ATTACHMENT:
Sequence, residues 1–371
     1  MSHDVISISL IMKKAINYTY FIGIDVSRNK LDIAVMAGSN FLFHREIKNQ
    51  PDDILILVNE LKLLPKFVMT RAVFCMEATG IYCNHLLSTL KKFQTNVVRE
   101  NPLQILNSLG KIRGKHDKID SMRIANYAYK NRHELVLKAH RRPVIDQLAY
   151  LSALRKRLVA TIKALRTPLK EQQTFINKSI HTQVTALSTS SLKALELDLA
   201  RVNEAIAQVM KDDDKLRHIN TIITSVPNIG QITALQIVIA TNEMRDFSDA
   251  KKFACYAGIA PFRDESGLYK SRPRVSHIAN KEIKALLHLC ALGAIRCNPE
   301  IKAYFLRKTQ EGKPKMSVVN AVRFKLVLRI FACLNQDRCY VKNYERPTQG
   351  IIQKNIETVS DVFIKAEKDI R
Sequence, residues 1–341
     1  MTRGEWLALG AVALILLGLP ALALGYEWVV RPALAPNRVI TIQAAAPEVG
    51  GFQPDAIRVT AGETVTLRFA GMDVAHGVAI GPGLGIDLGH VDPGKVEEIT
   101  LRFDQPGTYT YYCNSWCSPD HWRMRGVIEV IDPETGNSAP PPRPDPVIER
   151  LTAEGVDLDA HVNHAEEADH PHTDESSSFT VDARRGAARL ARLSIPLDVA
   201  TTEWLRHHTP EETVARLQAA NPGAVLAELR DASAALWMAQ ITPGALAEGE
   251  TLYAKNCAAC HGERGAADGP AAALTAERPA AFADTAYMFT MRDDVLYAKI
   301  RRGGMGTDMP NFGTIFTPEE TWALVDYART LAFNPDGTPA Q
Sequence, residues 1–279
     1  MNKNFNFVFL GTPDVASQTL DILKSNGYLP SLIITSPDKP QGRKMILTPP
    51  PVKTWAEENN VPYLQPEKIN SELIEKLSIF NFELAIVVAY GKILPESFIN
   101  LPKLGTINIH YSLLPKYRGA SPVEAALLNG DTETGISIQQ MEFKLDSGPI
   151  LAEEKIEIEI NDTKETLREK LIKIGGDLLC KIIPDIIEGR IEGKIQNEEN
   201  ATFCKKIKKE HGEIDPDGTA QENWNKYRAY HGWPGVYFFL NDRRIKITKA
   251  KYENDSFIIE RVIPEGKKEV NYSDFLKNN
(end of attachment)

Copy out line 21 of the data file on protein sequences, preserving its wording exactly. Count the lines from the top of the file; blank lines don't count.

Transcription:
   101  LPKLGTINIH YSLLPKYRGA SPVEAALLNG DTETGISIQQ MEFKLDSGPI